Where Are the Rivals to Facebook and Twitter?

With all the attention being lavished on how Facebook and Twitter have become mainstream tools, one thing that doesn’t get much attention is the lack of competition.

Facebook has a few rivals, the biggest being the increasingly irrelevant MySpace. Meanwhile, Twitter has the micro-blogging market to itself after vanquishing Pownce, which was a much better service before it disappeared into the belly of TypePad.

In essence, there is no competition. And even more strange, there aren’t many start-ups willing to take on the two social media giants. Compare this situation to the search engine market where the presence of Goliath – aka Google – has done little to deter a never-ending number of start-ups from throwing their hats and millions of dollars of venture capital into the ring.

Even YouTube has healthy competition, although the distance between it and second-place player, Vimeo, is huge.

Meanwhile, Facebook and Twitter have the playground to themselves. Now, I can understand how start-ups may be reluctant to take on Facebook given its size but Twitter strikes me as ripe for the picking.

First, Twitter is far from perfect. If it wasn’t for the thousands of third-party players offering valuable, cool and entertaining services, Twitter would be like a ice cream store that only offered chocolate, vanilla and strawberry. And although Twitter has pretty solid infrastructure now (knock on wood!), its feature set is, at best, modest.

Given this situation, you figure that someone would have the chutzpah to come up with a better micro-blogging service that provide consumers with an option to consider. The service would have to be solid and come with a few interesting features but it wouldn’t take much to tempt many people looking for next new shiny toy.

Maybe Facebook and Twitter are simply too large for anyone to take on. Maybe the communities and connections that people have on Facebook and Twitter are too entrenched for people to take a chance on a new player.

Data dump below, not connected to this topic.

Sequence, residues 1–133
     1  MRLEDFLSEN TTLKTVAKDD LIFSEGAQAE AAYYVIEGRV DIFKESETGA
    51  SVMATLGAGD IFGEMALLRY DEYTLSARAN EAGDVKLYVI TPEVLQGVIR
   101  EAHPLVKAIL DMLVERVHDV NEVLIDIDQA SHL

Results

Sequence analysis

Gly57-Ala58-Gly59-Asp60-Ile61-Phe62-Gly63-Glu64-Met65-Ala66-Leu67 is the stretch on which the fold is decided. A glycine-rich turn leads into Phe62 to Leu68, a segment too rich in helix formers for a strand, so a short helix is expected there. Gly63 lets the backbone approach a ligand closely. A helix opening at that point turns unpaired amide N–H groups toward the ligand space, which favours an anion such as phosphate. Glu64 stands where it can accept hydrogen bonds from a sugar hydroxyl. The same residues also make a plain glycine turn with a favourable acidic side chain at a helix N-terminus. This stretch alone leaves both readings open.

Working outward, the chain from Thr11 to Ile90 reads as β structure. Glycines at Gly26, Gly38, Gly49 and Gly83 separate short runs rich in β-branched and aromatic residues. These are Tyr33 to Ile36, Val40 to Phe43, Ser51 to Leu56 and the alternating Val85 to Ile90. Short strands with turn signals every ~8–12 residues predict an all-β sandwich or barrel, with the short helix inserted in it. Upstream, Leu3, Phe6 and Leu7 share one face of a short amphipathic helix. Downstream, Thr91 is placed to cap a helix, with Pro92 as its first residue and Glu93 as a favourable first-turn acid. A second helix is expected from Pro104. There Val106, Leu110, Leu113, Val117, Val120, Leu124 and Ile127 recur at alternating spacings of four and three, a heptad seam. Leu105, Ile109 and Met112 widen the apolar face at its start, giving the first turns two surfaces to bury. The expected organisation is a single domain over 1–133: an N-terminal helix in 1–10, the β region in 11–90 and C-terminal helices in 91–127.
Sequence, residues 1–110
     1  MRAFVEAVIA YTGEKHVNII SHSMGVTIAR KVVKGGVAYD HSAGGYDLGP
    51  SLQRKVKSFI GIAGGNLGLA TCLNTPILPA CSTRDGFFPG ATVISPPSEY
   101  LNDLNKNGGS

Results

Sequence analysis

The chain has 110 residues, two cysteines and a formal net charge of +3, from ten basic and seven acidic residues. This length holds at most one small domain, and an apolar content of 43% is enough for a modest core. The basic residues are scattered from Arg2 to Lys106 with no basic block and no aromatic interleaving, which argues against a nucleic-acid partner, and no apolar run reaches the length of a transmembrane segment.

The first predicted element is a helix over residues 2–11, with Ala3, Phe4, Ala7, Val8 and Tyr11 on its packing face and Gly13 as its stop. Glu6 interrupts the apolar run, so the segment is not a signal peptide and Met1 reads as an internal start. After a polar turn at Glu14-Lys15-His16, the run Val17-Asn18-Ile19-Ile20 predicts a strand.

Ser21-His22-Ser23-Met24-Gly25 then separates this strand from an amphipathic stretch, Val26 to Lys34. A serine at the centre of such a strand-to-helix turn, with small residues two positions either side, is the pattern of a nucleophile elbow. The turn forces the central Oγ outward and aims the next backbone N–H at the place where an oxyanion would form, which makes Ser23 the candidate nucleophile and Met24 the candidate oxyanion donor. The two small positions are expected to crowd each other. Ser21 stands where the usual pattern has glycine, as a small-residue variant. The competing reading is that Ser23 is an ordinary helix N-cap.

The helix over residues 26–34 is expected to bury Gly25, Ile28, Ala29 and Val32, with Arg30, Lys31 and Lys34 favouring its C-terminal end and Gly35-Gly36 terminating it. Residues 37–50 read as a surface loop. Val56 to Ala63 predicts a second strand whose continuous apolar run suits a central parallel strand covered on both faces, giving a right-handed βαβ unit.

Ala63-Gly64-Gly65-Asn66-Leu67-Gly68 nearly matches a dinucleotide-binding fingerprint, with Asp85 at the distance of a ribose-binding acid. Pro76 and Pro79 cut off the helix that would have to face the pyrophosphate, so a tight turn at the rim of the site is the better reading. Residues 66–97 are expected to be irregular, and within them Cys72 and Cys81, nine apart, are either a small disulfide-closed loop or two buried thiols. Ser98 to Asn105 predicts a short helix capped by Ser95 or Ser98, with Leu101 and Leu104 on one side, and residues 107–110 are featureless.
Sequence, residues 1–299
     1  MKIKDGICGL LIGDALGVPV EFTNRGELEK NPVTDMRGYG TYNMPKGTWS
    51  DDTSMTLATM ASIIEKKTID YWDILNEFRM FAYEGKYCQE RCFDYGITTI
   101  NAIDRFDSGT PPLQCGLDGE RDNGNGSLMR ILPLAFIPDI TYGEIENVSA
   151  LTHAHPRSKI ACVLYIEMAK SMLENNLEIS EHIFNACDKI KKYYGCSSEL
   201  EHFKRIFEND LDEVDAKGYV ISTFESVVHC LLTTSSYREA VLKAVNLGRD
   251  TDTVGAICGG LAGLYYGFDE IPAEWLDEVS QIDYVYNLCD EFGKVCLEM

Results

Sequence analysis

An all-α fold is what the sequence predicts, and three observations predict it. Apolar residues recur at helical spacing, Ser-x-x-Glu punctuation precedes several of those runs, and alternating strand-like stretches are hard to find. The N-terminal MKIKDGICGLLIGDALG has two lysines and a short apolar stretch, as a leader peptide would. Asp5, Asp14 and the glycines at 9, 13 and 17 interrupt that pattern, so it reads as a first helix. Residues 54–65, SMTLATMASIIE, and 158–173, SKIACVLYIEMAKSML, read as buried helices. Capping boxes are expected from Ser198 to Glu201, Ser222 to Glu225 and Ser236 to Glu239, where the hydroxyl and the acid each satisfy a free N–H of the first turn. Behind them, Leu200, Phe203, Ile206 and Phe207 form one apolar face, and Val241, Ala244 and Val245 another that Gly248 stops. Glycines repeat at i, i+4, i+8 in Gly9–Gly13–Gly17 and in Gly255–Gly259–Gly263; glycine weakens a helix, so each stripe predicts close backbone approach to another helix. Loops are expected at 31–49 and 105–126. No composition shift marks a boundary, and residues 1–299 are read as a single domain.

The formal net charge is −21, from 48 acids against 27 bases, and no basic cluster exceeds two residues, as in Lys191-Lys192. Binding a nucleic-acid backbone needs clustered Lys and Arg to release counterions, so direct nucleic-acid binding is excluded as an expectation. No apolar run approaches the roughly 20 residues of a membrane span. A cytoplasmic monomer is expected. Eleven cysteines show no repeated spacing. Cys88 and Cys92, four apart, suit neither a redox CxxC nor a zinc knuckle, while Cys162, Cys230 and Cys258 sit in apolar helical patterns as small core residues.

But it does seem strange that there’s pretty much a competitive void at a time when most markets are teeming with start-ups willing to take a shot at taking down Goliath.

5 Comments on “Where Are the Rivals to Facebook and Twitter?”

  1. To usurp either platform someone has to exploit an existing flaw or fill a gaping need. There will be new services that appeal to niche audiences. However, as people become more familiar with Twitter and Facebook, as they make it more a part of their regular routine – it will be harder to move them to a new platform where they will have to start all over. I am not saying this couldn’t happen but the longer these two platforms go unchallenged the harder it will be to topple them. Chances are they will eventually sow the seeds of their own demise by losing sight of their core benefits. Great companies are rarely toppled – they often crumble from within.

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  3. There can be quite a learning curve to get up to speed with Facebook and Twitter or any social media network for it to be beneficial and efficient. Once that time and personal effort is invested, you learn to work with and work around any limitations in the existing platform. I think a rival service would have to offer significant improvements over the status quo for people to consider switching and embarking on a new learning curve. No doubt this will happen eventually as social media evolves.

  4. I agree that it is the third party involvement that has kept twitter alive. Free applications to measure analytics and easier control of targeted messages to the right audience. Working for a small company if it isn’t free or less than $10 it’s not worth it. As for facebook it is not friendly towards businesses. The design of company pages does not allow flexibility. This is where the gap is. If a facebook like site was set up so that businesses can more easily have direct communications with customers this could gain in popularity. Facebook has either deliberately held this area with tight reins or has not put enough effort. If facebook is social and just for loading holiday photos and telling people what you had for breakfast, then there needs to be a site that drives consumers to it and incentivizes the public to interact and become fans.

  5. If ever there are other possible rivals to Twitter and Facebook, it might take a little bit longer for people to migrate to those new programs. As these social networks had entwined business and pleasure, it would take a pretty potent application and undeniable feature to seduce others from taking their business elsewhere.

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